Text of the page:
Elizabeth Horne [nee Talbot]
Interview with Elizabeth Talbot (This interview was featured in Iron Grip magazine Vol 4 # 3, Feb 2005, and has been updated in areas)
By David Horne
Where were you born and when?
Stoke-on-Trent hospital, on the 10th of December 1983.
What is your height and usual bodyweight?
5’8” and around 14 stone (196 lb).
What is the length of your hand from fingertip to wrist?
When did you start training?
When I was ten years old. My brother and I were involved in a judo exhibition at the local sports centre, and during the break we went for a wander around. We found the gym, where my brother (two years my senior) decided he would like to start pumping up his muscles at the manly age of 12, so I joined in to keep him company. We started off going once a week, then when he discovered girls and going out, I carried on training by myself and had upped the stakes to twice a week by the time I started high school.
When did you start competing?
As soon as I was allowed to enter! I had to wait until I was 12 before I could participate in the all-round contests that I started on.
What strength sports have you participated in?
All-round weightlifting, grip events, strongwoman
Which feats and records are you most proud of?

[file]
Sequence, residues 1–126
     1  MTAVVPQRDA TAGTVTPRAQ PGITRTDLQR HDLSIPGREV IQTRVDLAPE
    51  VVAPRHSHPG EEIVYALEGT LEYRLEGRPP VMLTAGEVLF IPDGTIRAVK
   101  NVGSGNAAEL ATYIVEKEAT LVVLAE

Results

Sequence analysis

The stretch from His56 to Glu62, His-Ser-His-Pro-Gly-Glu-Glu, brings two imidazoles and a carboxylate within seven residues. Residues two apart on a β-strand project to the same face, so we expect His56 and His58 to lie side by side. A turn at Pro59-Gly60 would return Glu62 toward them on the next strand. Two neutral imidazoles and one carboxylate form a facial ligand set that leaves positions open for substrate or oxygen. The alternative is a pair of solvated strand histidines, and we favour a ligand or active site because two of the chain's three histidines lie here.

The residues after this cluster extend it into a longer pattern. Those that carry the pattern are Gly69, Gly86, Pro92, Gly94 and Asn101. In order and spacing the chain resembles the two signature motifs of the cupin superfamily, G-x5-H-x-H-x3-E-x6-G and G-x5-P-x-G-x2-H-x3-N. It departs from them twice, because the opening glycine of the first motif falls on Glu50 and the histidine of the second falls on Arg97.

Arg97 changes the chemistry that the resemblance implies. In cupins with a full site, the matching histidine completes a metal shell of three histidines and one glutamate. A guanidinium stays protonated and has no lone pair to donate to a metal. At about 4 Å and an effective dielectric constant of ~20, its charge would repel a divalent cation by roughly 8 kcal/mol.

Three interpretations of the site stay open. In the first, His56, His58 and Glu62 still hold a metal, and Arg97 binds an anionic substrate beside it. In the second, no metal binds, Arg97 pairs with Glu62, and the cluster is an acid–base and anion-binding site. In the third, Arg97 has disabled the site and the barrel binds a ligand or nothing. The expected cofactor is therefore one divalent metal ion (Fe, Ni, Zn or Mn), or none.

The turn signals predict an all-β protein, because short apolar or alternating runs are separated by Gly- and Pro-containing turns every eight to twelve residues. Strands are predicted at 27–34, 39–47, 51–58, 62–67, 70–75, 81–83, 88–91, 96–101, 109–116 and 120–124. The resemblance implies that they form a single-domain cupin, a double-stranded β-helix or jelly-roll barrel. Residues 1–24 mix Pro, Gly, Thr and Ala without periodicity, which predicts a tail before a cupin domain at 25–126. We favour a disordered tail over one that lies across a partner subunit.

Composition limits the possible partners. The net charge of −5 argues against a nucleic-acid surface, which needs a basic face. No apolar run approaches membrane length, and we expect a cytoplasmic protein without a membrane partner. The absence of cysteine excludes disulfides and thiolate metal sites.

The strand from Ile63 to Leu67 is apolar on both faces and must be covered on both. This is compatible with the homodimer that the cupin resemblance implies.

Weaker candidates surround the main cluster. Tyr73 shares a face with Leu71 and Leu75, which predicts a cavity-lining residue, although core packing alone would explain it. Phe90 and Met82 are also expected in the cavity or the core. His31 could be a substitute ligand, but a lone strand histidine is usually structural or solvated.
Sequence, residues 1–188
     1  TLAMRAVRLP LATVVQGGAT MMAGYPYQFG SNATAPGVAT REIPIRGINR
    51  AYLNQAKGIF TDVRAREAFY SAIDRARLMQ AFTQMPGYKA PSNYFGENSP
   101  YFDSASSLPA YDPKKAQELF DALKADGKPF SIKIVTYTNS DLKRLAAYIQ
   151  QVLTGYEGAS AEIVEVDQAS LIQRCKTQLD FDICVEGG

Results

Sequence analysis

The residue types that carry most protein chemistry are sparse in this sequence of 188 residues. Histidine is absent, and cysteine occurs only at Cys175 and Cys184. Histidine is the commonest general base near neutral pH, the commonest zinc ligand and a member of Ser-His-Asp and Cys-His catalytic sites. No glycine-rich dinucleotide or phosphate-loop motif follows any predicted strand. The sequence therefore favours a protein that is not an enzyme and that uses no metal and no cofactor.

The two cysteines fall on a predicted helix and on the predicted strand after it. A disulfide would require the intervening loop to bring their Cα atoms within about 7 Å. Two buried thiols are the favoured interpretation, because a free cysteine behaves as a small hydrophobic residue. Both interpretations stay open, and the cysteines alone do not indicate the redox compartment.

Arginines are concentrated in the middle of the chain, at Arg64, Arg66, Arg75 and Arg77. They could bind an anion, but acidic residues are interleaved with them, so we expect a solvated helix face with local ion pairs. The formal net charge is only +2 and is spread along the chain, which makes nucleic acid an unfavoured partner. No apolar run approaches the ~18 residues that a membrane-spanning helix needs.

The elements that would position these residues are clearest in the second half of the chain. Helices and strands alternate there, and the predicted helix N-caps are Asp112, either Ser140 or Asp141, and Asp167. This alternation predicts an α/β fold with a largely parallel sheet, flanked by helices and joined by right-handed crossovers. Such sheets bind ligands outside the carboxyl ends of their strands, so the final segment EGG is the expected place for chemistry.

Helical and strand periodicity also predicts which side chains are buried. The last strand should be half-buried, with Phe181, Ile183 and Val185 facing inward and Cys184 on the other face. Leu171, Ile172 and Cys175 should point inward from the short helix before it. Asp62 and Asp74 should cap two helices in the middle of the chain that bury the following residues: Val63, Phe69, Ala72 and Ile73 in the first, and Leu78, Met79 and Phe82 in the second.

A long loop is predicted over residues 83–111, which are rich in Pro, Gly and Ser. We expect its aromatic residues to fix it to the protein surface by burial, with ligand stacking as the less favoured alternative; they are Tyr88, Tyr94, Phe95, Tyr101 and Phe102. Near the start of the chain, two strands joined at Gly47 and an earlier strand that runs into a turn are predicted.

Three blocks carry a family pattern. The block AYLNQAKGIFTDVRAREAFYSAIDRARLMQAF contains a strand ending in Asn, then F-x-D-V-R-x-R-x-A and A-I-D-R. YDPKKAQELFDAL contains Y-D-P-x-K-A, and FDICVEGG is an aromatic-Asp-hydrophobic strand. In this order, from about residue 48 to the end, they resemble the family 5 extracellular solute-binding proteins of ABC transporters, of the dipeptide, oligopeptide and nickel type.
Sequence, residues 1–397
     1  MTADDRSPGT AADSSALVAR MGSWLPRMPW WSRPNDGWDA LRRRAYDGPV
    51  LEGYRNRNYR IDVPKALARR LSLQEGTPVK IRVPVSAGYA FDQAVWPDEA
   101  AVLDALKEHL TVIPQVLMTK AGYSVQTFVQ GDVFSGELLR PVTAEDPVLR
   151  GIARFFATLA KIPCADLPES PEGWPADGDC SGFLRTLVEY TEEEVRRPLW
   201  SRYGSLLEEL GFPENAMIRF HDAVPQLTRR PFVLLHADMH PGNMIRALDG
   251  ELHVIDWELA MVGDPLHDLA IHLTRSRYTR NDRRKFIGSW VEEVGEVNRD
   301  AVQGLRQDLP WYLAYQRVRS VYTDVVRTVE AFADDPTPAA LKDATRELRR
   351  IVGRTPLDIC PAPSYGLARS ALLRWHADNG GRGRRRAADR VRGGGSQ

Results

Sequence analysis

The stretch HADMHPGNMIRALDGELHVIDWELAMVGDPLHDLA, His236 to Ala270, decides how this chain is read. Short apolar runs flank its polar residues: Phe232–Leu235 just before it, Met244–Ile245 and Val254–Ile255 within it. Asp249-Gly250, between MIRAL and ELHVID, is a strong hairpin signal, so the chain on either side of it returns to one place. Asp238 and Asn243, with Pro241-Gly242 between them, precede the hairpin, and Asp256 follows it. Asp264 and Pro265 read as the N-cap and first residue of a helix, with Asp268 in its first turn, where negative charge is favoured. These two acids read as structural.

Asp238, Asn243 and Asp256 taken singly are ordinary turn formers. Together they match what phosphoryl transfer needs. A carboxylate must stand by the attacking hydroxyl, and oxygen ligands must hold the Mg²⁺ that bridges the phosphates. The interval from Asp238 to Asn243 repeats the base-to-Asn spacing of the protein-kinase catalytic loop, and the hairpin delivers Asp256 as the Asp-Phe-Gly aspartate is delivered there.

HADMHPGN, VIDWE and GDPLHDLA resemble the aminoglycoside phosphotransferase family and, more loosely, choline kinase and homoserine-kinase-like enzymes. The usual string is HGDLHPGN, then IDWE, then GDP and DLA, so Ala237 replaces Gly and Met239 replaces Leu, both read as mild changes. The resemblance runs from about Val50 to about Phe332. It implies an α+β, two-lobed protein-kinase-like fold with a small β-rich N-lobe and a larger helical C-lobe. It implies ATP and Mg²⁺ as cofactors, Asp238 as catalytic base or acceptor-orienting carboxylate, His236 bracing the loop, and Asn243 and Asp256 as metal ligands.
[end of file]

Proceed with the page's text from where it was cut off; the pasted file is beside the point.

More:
My most treasured trophy is the one I was awarded for winning an armwrestling contest for the first time.It took some time to get it, and the hard work I put in to win it made it all the more special. I’ve always been told how good I am at the grip events, but I find it harder to be proud of these as such: when there are no women to compete against, it makes the victories a little hollow. I tend to grade how well I’m doing by comparing my achievements against those of the men I train with, so it always keeps my feet firmly on the ground. When I managed a 160k deadlift in competition I was immensely pleased with myself (deadlifts are a weak point for me), and promptly came home to start training on them harder than ever. I think I’d injured my back within a fortnight and was off heavy lifting for about ten months! For the record, some of my better grip lifts are as follows (courtesy of David):